Communication technologies, marginalized performances, and communication rituals give insight into society at large and help expose cultural hierarchies. Created from the idea that boring videos could be made more interesting with music and lip-syncing, TikTok has gained extreme popularity since its launch in 2016. TikTok warrants study as a medium because it is newly created, largely unexplored, and disrupts social network norms. In addition, it has the ability to empower or disempower users. In a similar fashion, drag queens have also gained visibility in many facets of American culture and media since the 2000s. TikTok and other social media platforms have played a part in amplifying this visibility.
On April 16, 2020, musicians Sam Smith and Demi Lovato released their popular song and music video, I’m Ready, which features drag queens performing on TikTok. As of September 15, 2020, the music video on YouTube had 40,789,076 views. With the growth in popularity and visibility of drag, it is important to analyze how drag culture shows up in different facets of society and on various communication platforms, like TikTok. In addition, since a large majority of TikTok users are teens and young adults, in a prime stage of identity development, and can be easily impacted by media representation, it is crucial to uncover how marginalized groups present themselves and who has visibility on the platform. Despite the proliferation of TikTok, exactly how this new social networking site works and constructs the representation of traditionally marginalized groups is unknown.
By applying thematic analysis and quantitative content analysis to #dragqueen and #drag TikTok videos, I discovered that TikTok as a platform makes white femme drag the most visible form of drag. In addition, hegemonic performances of femininity (which are racialized and associated with whiteness) are more likely to gain higher levels of engagement. White/femme drag performances rise to the top, while drag queens of color and those whose performances of drag that don’t align with the modern dominant narrative are easily overlooked. These findings exemplify two things: 1) the authentic racial history of drag, underground ballroom culture, and the struggles and triumphs of Black and Latinx people are excluded and overlooked, and 2) TikTok is a space where gender identity and queerness can be performed by anyone with a smartphone and/or internet access, but the drag queens with the most visibility adhere to normative American feminine beauty standards of being white and thin. This does not align with the racialized narratives that created drag and ballroom culture decades ago.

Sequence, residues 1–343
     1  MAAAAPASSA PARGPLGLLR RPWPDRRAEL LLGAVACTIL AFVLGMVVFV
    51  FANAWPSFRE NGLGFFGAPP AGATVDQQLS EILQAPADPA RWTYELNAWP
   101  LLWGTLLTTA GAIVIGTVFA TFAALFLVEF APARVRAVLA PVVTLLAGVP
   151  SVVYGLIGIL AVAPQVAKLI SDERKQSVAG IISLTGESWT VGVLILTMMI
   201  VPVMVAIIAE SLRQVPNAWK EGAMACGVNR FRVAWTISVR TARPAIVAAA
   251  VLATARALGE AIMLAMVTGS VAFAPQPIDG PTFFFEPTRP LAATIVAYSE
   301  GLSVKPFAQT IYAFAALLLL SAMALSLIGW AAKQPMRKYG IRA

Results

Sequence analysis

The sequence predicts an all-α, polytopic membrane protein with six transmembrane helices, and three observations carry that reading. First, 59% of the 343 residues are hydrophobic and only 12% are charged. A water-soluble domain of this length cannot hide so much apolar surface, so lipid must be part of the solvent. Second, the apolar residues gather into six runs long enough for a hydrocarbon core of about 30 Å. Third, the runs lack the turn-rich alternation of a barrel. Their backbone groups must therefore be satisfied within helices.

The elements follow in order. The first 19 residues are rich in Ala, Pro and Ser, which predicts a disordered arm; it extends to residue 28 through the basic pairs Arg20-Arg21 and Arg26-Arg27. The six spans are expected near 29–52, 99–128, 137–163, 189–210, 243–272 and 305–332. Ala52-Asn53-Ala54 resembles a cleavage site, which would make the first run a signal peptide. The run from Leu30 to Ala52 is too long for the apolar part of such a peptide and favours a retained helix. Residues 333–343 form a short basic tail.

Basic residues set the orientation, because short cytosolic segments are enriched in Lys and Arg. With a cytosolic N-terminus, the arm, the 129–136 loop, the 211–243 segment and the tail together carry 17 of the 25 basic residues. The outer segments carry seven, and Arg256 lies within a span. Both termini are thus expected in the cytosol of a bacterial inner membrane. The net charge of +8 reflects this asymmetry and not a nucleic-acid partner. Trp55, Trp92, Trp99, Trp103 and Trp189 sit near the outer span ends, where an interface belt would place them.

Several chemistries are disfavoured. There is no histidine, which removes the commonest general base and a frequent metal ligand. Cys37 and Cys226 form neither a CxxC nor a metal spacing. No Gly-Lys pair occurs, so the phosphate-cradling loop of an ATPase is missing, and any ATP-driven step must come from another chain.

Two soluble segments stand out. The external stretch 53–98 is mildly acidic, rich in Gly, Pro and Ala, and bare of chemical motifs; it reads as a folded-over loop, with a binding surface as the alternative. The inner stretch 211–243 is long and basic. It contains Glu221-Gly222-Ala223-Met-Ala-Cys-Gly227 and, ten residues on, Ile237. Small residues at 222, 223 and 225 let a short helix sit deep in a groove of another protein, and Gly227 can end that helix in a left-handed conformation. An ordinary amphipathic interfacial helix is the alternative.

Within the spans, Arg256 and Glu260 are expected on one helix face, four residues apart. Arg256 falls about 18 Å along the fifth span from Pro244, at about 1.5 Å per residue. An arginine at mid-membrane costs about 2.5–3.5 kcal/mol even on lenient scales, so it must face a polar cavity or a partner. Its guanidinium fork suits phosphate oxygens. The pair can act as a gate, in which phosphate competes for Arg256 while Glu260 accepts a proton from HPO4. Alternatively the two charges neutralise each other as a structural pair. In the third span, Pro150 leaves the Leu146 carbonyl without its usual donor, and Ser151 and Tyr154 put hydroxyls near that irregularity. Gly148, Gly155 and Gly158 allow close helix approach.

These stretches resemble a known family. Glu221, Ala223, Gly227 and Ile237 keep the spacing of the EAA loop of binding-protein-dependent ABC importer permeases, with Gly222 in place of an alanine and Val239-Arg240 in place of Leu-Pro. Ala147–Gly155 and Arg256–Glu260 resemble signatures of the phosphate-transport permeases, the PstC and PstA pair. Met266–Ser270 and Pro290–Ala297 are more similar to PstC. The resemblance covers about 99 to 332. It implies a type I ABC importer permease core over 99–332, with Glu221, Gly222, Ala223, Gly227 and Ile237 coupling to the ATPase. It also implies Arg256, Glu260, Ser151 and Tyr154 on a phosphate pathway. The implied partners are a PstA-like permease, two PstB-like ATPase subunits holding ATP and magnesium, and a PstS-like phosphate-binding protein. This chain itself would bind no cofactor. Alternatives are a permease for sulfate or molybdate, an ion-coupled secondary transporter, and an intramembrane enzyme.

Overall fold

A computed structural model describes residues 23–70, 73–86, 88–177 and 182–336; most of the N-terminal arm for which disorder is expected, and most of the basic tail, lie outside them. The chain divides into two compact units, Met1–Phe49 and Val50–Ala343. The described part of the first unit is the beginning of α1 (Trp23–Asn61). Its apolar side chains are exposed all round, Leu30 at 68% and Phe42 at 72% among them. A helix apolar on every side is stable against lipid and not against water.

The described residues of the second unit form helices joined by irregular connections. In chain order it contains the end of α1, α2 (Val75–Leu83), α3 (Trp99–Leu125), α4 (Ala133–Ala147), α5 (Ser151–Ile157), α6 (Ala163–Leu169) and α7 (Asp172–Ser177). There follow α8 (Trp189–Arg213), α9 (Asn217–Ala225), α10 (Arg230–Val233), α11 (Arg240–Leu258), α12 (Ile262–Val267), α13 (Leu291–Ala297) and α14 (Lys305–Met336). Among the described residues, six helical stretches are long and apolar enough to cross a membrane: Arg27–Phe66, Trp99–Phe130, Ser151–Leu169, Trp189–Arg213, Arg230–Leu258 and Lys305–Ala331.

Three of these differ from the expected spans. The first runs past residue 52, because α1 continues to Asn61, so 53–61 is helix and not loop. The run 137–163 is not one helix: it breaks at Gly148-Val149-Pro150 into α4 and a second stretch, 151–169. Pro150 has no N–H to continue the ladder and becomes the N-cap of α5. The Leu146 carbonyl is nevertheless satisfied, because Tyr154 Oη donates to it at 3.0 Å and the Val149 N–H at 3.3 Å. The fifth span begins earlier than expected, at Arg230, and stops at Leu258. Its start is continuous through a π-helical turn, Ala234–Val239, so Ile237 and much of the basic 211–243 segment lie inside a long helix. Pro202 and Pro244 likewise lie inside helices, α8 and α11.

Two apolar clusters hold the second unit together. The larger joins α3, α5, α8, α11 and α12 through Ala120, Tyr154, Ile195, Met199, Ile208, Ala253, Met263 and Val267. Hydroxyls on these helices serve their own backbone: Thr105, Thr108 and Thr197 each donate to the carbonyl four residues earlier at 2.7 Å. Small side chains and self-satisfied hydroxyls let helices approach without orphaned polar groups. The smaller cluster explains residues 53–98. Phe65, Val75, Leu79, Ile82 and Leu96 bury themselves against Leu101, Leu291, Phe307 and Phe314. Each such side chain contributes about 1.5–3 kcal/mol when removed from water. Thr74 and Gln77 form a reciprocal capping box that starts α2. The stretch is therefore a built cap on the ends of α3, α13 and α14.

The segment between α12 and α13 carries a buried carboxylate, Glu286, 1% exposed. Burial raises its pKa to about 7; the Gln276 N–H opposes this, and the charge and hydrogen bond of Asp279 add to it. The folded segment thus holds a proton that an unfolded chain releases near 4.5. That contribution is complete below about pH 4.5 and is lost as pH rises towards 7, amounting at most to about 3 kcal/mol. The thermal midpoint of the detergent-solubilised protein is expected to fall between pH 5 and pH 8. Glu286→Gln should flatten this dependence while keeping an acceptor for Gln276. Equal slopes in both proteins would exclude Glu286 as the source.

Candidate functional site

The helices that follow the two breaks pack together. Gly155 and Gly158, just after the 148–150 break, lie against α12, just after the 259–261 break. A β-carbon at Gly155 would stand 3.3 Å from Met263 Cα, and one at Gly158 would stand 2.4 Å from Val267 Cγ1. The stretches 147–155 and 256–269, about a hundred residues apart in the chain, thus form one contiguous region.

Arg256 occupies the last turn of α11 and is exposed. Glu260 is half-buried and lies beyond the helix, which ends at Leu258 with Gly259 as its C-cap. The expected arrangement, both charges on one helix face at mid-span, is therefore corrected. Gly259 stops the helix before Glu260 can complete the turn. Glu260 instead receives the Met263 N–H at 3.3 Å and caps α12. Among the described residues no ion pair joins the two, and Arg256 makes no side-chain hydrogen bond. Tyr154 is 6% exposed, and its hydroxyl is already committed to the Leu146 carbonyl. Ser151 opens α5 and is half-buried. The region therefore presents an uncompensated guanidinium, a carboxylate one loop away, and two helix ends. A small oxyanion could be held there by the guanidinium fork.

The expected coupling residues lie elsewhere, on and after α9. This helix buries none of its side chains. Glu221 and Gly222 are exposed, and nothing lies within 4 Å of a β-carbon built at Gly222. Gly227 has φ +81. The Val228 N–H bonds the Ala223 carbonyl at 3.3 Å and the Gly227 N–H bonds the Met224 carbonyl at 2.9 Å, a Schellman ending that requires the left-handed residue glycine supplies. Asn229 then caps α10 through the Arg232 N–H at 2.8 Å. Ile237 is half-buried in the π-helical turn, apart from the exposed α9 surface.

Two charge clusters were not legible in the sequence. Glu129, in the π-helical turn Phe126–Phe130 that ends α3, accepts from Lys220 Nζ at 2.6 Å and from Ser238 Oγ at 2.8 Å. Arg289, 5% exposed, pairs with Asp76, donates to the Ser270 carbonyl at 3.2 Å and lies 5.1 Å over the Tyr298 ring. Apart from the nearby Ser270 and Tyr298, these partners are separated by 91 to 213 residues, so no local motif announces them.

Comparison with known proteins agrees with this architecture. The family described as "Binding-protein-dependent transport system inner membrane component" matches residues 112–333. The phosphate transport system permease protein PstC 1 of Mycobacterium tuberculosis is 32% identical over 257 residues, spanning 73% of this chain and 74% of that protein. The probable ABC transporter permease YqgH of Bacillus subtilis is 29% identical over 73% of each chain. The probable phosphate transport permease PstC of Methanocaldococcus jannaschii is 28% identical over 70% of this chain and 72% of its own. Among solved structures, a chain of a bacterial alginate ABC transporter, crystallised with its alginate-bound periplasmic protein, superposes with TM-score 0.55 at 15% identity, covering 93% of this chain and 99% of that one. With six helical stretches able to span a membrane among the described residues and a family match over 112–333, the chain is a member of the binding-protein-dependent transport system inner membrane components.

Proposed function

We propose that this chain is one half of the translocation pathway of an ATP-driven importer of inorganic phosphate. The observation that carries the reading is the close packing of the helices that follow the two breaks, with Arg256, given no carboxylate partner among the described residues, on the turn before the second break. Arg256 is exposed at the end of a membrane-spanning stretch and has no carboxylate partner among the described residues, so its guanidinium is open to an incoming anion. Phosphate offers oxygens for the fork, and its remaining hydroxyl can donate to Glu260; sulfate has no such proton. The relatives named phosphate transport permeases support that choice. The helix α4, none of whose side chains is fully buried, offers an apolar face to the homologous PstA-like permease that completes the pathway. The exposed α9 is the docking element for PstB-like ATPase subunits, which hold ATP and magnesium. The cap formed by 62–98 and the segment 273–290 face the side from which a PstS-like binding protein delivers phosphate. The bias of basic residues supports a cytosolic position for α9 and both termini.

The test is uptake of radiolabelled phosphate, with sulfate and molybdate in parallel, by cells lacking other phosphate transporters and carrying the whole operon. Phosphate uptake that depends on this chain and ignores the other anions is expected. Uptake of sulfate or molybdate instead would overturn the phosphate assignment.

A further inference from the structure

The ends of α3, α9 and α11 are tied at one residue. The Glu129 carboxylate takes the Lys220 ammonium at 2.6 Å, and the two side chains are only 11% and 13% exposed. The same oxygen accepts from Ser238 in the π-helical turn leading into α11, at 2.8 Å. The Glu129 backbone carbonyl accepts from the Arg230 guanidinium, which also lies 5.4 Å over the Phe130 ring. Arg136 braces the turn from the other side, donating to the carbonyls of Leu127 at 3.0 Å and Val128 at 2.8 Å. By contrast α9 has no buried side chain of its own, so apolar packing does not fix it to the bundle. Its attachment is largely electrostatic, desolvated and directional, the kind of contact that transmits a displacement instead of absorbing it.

From these findings, I advise four action items moving forward: 1) TikTok's creators need to reevaluate its algorithm to provide more realistic representation, which would hopefully lead to a more inclusive platform for all people, 2) TikTok users need access to media literacy, which would include thinking critically about TikTok’s hidden algorithm, in addition to their own personal media use and consumption, 3) We must think about identity markers, such as gender, race, and sexuality, and how hegemonic structures socially construct what is deemed acceptable and valued in society, and 4) As media consumers, we need to be aware of authentic lived experiences, history, and culture. In this case, knowing the history and impact race has had on drag culture is crucial.
It is important to uncover what representation receives attention vs. what representation is overlooked, excluded, left out, or even erased. We must keep pushing the needle forward and demand equity when it comes to intersectional representation and the visibility of marginalized groups in popular media.
minnieandtink - https://vm.tiktok.com/ZMJDLSo6D/
venusenvydrag - https://vm.tiktok.com/ZMJDLKDpq/
selenagrahamm - https://vm.tiktok.com/ZMJDLbrK5/
crimsyn.co - https://vm.tiktok.com/ZMJDLcLAT/
skinny.jenny.drag - https://vm.tiktok.com/ZMJDNLARA/
cosmopolitan - https://vm.tiktok.com/ZMJDL3QhW/